A Senate bill of
House of Representatives of the Philippines
The House of Representatives of the Philippines, is the lower house of the Congress of the Philippines. It is commonly referred to as Congress and informally referred to as Camara or Kamara. Members of the House are styled as representative and sometimes informally called Congressmen/Congresswomen and are elected to a three-year term, they can not serve more than three consecutive terms. Around eighty percent of congressmen are district representatives, representing a particular geographical area. There are 234 legislative districts in the country, each composed of about 250,000 people. There are party-list representatives elected through the party-list system who constitute not more than twenty percent of the total number of representatives. Aside from needing its agreement to every bill in order to be sent for the President's signature to become law, the House of Representatives has power to impeach certain officials and all money bills must originate from the lower house; the House of Representatives is headed by the Speaker Gloria Macapagal Arroyo of Pampanga.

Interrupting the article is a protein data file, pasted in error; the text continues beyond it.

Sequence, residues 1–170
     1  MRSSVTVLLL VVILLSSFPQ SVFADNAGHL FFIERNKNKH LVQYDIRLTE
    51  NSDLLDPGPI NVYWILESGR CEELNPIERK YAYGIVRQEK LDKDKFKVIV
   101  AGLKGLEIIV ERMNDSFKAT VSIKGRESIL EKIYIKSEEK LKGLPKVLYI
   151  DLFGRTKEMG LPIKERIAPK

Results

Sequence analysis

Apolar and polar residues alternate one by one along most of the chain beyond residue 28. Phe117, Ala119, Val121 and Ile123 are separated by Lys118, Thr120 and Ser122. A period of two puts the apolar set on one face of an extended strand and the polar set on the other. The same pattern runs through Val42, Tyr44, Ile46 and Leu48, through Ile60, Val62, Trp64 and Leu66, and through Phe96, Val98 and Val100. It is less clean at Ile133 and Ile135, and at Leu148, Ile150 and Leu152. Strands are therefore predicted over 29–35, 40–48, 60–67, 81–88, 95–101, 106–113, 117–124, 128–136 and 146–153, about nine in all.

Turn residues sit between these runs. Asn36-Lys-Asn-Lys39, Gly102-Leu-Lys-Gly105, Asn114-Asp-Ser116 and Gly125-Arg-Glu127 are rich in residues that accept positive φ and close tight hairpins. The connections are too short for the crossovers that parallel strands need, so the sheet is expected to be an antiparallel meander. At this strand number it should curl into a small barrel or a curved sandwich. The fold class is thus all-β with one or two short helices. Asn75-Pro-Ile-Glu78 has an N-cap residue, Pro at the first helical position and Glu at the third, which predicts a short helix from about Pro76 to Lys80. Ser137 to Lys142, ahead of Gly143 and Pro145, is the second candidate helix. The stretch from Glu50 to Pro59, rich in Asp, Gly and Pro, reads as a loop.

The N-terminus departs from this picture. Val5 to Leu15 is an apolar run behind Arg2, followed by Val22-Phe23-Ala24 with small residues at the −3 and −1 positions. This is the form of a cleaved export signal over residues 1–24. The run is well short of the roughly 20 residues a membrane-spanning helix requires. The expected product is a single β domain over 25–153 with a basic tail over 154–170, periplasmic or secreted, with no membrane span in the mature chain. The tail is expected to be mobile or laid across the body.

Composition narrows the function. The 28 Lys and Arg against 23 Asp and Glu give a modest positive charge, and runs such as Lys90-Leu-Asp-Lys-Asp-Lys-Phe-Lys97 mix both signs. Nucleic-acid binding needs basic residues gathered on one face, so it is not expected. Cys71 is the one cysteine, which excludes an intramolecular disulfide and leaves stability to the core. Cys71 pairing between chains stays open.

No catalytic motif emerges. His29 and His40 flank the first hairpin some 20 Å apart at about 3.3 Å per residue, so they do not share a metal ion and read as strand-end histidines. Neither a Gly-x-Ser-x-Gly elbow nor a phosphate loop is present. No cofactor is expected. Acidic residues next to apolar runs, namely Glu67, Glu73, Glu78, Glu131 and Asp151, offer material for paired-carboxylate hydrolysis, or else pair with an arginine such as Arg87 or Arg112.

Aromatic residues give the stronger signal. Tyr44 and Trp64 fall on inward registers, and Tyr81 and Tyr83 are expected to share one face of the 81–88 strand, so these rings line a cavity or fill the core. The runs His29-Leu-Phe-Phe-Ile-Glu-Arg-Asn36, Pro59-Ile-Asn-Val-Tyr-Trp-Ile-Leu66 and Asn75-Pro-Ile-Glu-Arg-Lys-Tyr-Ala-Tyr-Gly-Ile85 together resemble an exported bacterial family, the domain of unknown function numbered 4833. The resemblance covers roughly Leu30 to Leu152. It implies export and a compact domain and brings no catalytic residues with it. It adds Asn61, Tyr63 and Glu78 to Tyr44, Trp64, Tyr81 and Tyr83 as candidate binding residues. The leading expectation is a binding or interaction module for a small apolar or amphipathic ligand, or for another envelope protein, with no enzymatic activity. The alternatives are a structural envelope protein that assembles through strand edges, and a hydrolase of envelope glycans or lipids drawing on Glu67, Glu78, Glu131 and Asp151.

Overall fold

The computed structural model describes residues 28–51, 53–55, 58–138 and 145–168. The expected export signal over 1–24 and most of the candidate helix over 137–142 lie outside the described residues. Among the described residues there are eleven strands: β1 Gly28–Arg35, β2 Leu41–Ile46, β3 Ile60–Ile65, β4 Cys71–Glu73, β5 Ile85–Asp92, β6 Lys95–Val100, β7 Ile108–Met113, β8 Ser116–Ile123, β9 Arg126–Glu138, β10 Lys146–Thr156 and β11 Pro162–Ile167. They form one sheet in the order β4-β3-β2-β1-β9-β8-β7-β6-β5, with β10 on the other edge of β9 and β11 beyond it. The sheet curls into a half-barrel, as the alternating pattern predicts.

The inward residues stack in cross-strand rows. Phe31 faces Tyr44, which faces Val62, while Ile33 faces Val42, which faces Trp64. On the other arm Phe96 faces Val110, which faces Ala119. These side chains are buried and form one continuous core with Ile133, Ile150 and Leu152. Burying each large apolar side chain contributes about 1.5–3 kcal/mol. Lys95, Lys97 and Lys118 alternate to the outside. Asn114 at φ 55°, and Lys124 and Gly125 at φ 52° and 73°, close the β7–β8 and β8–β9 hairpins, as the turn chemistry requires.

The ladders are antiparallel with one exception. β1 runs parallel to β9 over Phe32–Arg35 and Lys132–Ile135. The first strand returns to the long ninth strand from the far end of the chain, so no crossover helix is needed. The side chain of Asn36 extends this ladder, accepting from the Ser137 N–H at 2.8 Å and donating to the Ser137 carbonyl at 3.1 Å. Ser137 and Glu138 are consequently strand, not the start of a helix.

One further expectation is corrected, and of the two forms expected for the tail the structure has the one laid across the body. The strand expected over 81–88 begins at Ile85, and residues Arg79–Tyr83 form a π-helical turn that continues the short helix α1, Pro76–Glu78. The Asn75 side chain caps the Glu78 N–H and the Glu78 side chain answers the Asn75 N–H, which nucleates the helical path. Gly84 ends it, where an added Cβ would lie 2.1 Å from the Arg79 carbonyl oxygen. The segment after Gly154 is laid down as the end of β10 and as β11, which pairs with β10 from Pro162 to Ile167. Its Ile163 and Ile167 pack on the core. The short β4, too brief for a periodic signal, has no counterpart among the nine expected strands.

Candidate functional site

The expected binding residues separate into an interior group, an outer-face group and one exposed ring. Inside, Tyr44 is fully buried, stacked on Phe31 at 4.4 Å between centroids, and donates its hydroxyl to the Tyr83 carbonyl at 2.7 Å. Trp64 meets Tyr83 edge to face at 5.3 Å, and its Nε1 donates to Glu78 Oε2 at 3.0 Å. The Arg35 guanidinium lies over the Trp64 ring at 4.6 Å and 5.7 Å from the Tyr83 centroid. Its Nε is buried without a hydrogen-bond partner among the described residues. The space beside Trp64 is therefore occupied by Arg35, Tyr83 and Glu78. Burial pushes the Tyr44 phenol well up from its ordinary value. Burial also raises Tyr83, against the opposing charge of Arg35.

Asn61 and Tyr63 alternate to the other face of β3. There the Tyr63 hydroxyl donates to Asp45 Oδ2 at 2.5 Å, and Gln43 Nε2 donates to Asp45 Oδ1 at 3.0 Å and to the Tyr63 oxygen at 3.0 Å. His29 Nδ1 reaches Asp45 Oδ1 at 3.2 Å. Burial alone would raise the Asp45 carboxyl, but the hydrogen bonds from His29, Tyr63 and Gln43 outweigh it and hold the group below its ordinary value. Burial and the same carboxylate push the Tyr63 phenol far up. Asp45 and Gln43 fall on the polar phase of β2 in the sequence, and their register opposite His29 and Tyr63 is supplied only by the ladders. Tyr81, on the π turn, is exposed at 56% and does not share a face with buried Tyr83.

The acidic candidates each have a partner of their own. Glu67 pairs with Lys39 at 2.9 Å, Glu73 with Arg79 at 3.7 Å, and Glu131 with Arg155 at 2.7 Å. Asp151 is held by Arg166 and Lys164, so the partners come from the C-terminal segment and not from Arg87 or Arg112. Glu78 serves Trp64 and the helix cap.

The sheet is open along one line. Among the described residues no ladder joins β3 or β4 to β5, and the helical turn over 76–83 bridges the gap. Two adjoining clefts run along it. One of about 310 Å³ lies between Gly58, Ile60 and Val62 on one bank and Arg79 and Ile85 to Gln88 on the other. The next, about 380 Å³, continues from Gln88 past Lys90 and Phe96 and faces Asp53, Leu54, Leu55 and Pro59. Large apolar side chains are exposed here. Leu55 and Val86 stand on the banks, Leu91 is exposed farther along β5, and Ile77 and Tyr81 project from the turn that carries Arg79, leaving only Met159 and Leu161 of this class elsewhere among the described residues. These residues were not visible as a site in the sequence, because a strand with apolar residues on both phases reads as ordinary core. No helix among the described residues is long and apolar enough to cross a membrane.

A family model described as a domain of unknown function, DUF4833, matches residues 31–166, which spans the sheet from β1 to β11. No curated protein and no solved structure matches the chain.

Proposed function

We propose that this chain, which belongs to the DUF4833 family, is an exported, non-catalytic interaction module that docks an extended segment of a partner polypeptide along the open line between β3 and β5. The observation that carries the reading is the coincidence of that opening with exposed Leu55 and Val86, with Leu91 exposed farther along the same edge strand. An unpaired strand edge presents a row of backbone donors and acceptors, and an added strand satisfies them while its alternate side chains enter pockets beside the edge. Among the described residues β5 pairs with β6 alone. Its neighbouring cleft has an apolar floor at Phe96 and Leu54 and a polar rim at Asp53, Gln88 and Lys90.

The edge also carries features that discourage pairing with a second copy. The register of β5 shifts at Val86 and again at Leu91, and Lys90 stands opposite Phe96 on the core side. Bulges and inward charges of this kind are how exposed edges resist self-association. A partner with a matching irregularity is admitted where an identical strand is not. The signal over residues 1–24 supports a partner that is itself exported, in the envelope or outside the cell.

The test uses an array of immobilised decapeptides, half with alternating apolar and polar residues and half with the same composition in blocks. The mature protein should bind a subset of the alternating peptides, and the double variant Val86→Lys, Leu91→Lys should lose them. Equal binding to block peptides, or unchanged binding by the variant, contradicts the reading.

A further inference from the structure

The official headquarters of the House of Representatives is at the Batasang Pambansa located in the Batasan Hills in Quezon City in Metro Manila. The building is simply called Batasan and the word has become a metonym to refer to the House of Representatives. At the beginning of American colonial rule, from March 16, 1900, the sole national legislative body was the Philippine Commission with all members appointed by the President of the United States. Headed by the Governor-General of the Philippines the body exercised all legislative authority given to it by the President and the United States Congress until October 1907 when it was joined by the Philippine Assembly. William Howard Taft was chosen to be the first American civilian Governor-General and the first leader of this Philippine Commission, which subsequently became known as the Taft Commission; the Philippine Bill of 1902, a basic law, or organic act, of the Insular Government, mandated that once certain conditions were met a bicameral, or two-chamber, Philippine Legislature would be created with the existing, all-appointed Philippine Commission as the upper house and the Philippine Assembly as the lower house.